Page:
JP: Most people don’t know how big an influence my mother has been to me. She’s been as strong an influence on me—both as a person and as an artist—as my father. She was the painter in the family and started me drawing. She kindled my interest in “sacred” geometry and numerology. She taught me most of what I know about offset reproduction, which helped me tremendously in making the transition to digital printing and in consulting for corporations producing printers. She laid the foundations of my understanding for graphic design. She showed me the power of editing and sequencing images, by helping many artists select, sequence, reproduce and present their images. She showed me the contributions a second pair of eyes can make to artistic growth. Shall I continue?

        "Constellation VI," by John Paul Caponigro

My parents’ very different interests in and uses of language sparked an interest in verbal communication and writing. Their very different sensibilities for music displayed personal voice. I experienced both of these on an almost daily basis.

As I’m writing this, a pattern in our family of artists has become clearer to me! All of us didn’t pursue careers in other arts, despite a lot of dedication to them. Mom didn’t pursue a career in painting; she became a graphic designer. My father didn’t pursue a career in music; he became a photographer. I didn’t pursue sequential art—filmmaking and graphic novels. Or did I in an entirely different way than I was thinking? 

There are so many benefits to making the visual verbal. I wrote about that in this blog post: "Making the Visual Verbal"

EM: You grew up in New Mexico, among other places, and as a child you met Brett and Cole Weston, Ansel Adams and Georgia O’Keeffe. Can you tell us a little about that? Did you have any sense of who they were?

JP: I was born in Boston, and my family moved to Ireland for a year when I was two.  Some of my earliest memories are when dad began to photograph megalithic monuments there. Then, after five years in the Connecticut woods, we moved to the high deserts of New Mexico—first to Pojaque (I went from a school where there were two African-American kids to one where there were two Caucasian kids…the rest were Hispanic and Native-American) and then to Tesuque, near Santa Fe.

Santa Fe was the kind of place where you’d walk into a restaurant and see a Navajo medicine man sitting with a Spanish rancher, an Impressionist painter, and a nuclear physicist—today you have to add a Tibetan monk into the mix. After a great private high school, Santa Fe Preparatory School, I attended Yale University and later the University of California at Santa Cruz; in addition to a great education, I got a great education in education. After college I moved near the Maine Photographic Workshops, not realizing that Kodak would soon set up The Center For Creative Imaging nearby and that as an artist in residence I would experience a dream come true—Photoshop. Many years earlier, while my mother was overseeing the production of Eliot Porter’s Intimate Landscapes book, I was shown a Scitex machine, which my mother called “a million-dollar coloring book.” I whispered under my breath, “What if an artist got hold of one of these? I wish I had one!” That wish came true. We traveled a lot and I met a lot of interesting people—that was as much a part of my education as my formal education.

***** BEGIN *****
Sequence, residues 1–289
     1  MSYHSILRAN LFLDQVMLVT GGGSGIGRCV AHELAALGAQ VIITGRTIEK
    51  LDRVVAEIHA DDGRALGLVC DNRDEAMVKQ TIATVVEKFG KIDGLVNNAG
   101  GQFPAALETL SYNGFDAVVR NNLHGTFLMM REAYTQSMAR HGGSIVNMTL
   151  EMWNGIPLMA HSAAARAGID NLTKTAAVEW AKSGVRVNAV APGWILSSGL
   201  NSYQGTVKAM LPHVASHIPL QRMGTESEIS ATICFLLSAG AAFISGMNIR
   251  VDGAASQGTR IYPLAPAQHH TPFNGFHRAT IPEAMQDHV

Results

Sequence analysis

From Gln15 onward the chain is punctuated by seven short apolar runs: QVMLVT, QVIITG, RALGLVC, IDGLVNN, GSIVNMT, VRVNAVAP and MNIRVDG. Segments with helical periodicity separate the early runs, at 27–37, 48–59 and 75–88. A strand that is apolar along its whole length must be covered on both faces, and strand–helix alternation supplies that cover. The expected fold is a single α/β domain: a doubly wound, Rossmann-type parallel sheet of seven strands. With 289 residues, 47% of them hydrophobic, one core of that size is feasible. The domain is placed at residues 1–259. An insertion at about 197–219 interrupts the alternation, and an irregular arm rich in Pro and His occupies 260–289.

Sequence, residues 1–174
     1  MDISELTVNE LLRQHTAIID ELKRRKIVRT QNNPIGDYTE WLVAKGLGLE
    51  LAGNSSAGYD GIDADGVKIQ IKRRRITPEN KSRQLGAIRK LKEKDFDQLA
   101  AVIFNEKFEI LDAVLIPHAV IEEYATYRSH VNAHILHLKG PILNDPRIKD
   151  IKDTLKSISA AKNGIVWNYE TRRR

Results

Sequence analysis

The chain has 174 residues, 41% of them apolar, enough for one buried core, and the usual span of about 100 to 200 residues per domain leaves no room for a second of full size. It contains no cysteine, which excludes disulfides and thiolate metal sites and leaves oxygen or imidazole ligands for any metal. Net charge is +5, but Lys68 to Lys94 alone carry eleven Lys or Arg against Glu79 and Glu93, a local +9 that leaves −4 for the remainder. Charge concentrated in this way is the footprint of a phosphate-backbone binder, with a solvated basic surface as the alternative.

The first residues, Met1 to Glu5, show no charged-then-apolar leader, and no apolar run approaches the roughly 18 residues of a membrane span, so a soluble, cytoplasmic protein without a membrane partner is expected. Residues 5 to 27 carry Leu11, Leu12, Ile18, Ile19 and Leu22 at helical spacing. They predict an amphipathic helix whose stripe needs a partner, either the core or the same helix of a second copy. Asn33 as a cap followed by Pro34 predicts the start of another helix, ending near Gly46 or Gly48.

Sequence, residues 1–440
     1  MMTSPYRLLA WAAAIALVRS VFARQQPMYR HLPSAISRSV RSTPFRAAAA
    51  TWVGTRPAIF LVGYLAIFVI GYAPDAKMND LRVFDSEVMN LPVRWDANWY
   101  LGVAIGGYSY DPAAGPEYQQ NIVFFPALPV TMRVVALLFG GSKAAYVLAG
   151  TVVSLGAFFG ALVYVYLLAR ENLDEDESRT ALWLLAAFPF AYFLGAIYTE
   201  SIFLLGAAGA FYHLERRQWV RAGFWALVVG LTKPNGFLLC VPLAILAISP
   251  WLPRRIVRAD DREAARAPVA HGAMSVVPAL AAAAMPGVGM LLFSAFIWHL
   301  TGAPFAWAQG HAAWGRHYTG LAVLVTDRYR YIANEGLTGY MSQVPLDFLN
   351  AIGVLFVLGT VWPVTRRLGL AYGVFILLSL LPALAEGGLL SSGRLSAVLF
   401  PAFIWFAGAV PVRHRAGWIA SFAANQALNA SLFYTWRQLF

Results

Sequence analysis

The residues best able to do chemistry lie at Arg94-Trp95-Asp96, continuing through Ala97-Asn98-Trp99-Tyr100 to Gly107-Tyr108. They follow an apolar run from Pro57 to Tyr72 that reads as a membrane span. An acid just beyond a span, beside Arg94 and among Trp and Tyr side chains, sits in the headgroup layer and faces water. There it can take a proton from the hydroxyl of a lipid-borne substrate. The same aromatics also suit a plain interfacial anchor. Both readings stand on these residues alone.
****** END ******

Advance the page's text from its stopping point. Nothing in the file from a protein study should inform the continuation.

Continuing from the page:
As the son of two parents involved in different but related aspects of the art world, I’ve had meetings with many remarkable men and women. I met all of the people you mentioned and many more. Not all of them were famous. Many people wouldn’t recognize the names of people I met who were very influential to the photography community. Our family of artists would visit artists, curators, dealers, and publishers—or they’d visit us.

When I was very young, I had no idea how other people regarded these people. When I was a kid accompanying my father when he taught in Yosemite, I knew Ansel Adams made beautiful photographs and played the piano beautifully, but to me Ansel Adams was really cool because he had a three-legged dog named “Tripod,” even cooler because he had a tiny adorable wife who often seemed like a fairy-tale character, cooler still because he had his own gallery and workshop program in Yosemite National Park, and the coolest guy on the planet because they told me he had a stick he used for controlling the clouds—that is until I couldn’t find a cloud stick in his camera bag like they said. My appreciation for him deepened when I was older and began to understand how much he did to help other artists and the environment.

As I grew older, I began to realize other people looked at and treated these people differently. Often they treated my father differently; sometimes acted differently. I’ve witnessed a lot of inflated behavior. It’s rarely pretty.

For the most part, my parents didn’t change the way they related to people of notoriety—and neither did I. As a result, I’ve got a somewhat different relationship to celebrity. While I’m interested in what fame does to people’s behavior, fame doesn’t change the way I think and feel about them.

I’ve seen people change their behavior because they became famous. I sympathize, but I don’t respect it. I do respect people who attain fame and don’t let it go to their head. Fame can take a terrible toll on people and the people around them, especially their families. It even takes its toll on people who react to fame in inflated ways. To some, it can be a sign of respect and a relief to stop the nonsense and just be real. While I wish success for everyone, I wouldn’t wish celebrity on anyone. Or rather, I wish our culture’s reactions to fame would mature. I celebrate examples of people using their notoriety conscientiously.

To me, while she’s one of my favorite painters, Georgia O’Keeffe was a grouchy old bat who told me her dogs liked only her (after I’d been licked for hours waiting for my mom to finish working with her). But, aside from being very talented, she was also very intelligent, and I gave her lots of brownie points for recognizing, respecting, and valuing my mother’s talents and contributions when they worked together on projects.